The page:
Posts Categorized: New Lawyers

Results, not résumés

Posted by & filed under Innovation, Law School, New Lawyers.

Professor William Henderson, who teaches at the University of Indiana Faculty of Law and blogs at Empirical Legal Studies, has written a watershed treatise on how large law firms recruit and use associates. The ELS blog summarizes it, the ABA Journal reports on it, and Bruce MacEwen and Gerry Riskin have already flagged it as… Read more »

Core competence: 6 new skills now required of lawyers

Posted by & filed under Clients, Collaboration, Competition, Management, New Lawyers.

Up till now, the necessary and sufficient skill set for lawyers has looked something like this (in alphabetical order): Analytical ability Attention to detail Logical reasoning Persuasiveness Sound judgment Writing ability (okay, that one’s apparently optional for some) This list doesn’t include such characteristics as knowledge of the law, courtroom presence, or integrity — these… Read more »

Interview with the publisher

Posted by & filed under Law21, New Lawyers.

I recently had the pleasure of being interviewed by Cole Silver of The Silver Group, Ltd. for his well-known Expert Audio Series. Cole and I talked about finding careers within the legal profession outside of the default mainstream jobs — one point I focused on in particular was that many new lawyers consider a law… Read more »

How to work with Boomer lawyers

Posted by & filed under Generations, New Lawyers.

Dan Hull at What About Clients? has apparently had it with the ruckus over Generation Y. In a post yesterday (HT to Legal Blog Watch), Dan responded to a seminar pitch on “learning to work with Millennials” with this riposte: It’s your problem, Gen-X and Gen-Y. Not ours. Work, figure it out, ask questions, and… Read more »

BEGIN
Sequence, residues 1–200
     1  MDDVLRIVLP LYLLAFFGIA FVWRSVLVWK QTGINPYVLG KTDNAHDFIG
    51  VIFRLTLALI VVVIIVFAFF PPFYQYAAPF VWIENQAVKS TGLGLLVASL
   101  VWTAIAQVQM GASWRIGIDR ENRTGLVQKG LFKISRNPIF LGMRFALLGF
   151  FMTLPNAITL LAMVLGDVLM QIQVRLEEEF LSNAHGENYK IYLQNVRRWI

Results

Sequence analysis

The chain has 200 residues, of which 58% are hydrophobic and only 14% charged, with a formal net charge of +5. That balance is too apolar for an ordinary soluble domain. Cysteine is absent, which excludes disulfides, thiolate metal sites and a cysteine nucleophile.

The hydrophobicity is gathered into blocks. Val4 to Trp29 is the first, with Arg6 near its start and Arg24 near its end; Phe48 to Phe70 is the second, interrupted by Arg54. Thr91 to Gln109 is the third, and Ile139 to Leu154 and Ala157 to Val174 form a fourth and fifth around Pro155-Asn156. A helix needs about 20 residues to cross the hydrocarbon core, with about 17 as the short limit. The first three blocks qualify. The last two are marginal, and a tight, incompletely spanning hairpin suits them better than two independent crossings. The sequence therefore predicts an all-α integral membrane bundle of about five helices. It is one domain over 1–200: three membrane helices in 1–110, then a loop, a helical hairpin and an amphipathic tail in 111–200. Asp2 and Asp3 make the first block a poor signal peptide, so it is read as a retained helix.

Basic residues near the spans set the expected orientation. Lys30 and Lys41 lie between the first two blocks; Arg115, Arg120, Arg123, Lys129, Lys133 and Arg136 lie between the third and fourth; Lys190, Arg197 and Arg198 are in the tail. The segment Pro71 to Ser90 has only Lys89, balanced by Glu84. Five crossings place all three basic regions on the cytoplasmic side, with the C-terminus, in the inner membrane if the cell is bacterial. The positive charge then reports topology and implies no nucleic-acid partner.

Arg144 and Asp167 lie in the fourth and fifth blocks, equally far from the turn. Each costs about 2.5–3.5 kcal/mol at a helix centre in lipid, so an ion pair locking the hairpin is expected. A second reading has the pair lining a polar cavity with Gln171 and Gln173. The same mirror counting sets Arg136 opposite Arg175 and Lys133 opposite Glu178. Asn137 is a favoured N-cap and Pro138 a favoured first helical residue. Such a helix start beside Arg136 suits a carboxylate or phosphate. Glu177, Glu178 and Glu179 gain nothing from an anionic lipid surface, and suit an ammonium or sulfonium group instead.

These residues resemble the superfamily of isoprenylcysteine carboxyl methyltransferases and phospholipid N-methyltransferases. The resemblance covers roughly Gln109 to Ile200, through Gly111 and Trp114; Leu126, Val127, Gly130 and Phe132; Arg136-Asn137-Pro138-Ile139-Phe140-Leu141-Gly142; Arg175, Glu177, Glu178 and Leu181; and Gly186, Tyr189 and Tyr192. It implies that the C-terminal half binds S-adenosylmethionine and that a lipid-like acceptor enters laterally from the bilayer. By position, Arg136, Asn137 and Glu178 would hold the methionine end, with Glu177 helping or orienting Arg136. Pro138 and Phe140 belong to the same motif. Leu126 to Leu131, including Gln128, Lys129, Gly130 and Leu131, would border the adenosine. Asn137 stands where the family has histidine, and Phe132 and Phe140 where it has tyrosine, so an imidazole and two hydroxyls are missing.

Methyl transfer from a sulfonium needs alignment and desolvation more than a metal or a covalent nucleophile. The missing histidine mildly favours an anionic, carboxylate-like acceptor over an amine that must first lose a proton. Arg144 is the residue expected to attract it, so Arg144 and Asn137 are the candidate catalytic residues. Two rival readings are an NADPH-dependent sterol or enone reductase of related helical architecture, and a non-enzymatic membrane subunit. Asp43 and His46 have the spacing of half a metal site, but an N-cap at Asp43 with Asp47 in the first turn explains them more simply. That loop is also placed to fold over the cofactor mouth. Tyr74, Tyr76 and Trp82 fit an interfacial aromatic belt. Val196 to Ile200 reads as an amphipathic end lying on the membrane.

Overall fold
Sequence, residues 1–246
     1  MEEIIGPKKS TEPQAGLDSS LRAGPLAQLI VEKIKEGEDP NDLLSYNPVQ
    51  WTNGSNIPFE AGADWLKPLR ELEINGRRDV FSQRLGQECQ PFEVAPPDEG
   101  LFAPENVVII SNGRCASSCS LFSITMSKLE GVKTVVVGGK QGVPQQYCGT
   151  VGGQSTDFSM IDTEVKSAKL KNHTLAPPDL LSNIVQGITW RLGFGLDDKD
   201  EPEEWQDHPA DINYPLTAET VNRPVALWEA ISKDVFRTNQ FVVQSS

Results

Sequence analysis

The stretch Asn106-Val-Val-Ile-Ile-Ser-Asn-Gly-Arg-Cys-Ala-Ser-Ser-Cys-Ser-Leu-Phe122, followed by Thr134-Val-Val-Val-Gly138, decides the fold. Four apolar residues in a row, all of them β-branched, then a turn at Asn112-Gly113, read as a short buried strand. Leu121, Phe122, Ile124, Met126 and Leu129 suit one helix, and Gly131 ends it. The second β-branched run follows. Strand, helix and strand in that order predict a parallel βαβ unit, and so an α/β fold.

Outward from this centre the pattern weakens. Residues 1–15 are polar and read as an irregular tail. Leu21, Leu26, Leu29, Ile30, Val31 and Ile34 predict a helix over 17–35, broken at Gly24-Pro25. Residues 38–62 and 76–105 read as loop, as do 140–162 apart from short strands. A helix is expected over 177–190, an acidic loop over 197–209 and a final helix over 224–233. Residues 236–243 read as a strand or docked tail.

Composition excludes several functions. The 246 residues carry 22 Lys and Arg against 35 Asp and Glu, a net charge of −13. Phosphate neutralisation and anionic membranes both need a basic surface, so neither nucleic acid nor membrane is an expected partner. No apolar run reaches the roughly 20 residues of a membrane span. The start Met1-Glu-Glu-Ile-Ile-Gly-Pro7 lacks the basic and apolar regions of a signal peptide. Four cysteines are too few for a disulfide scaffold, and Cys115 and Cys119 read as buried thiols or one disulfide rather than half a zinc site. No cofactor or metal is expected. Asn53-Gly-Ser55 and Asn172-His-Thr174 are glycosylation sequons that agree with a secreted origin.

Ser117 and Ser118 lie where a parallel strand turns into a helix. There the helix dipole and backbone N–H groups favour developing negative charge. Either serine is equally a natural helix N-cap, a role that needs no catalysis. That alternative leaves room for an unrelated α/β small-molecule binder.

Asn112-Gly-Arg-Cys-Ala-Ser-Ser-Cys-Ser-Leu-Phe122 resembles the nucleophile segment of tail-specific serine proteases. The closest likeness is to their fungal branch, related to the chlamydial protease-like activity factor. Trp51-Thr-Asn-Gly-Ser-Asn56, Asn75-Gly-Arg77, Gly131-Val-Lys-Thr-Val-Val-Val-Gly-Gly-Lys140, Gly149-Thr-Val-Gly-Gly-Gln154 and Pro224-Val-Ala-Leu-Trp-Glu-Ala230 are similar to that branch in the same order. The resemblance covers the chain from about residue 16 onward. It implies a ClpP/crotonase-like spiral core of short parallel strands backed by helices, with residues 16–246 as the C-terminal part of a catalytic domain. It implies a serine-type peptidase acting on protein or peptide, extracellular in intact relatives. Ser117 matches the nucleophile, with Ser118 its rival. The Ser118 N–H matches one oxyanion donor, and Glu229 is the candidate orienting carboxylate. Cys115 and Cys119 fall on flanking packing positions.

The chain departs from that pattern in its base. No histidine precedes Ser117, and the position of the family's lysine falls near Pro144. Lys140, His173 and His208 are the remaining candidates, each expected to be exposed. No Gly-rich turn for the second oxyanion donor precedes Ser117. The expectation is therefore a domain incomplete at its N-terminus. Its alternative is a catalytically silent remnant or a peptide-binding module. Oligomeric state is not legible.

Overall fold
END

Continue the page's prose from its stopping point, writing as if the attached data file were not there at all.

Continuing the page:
The evolving costs of young lawyers

Posted by & filed under Big Firms, New Lawyers, Talent.

In conversation the other day with a longtime friend of mine, a mother of three on hiatus from the practice of law, the subject of articling students came up (for those outside Canada, articling year is a required apprenticeship period after graduation but before the call to the bar, and no, it doesn’t work as… Read more »

The seven-year law degree

Posted by & filed under Big Firms, Law School, New Lawyers.

There are a couple of well-known phenomena about legal careers that, when juxtaposed, might give us better insight into how lawyers enter the profession. The first is the common assumption that a law degree is far easier postgraduate degree to obtain than, say, a medical degree or Ph.D. Would-be doctors spend four years in medical… Read more »

Give up on anything but yourself

Posted by & filed under Ethics, New Lawyers, Satisfaction.

A thought-provoking post by Seth Godin today that isn’t really about politics, even though it asks whether Hillary Clinton should quit the Democratic race. What it’s really about is quitting, which Seth endorses in a book (that I endorse) called The Dip, and the danger of changing who you are in order to achieve your… Read more »

Ontario bar admission overhaul, part 2

Posted by & filed under CLE, Law School, New Lawyers.

Continuing from yesterday’s post, here’s the conclusion of a two-part running commentary on the Interim Report To Convocation from the Law Society of Upper Canada’s Licensing and Accreditation Task Force. Again, this won’t be a blow-by-blow account of the report, but I do recommend you read the whole thing. This article (which is also appearing… Read more »

Ontario bar admission overhaul, part 1

Posted by & filed under CLE, Law School, New Lawyers.

Yesterday, I posted a brief note about the Law Society of Upper Canada’s Licensing and Accreditation Task Force Interim Report To Convocation. Today, as promised, is the start of a two-part running commentary on what struck me as the most relevant or noteworthy aspects of the report. The first half, which I’ll address below, deals… Read more »

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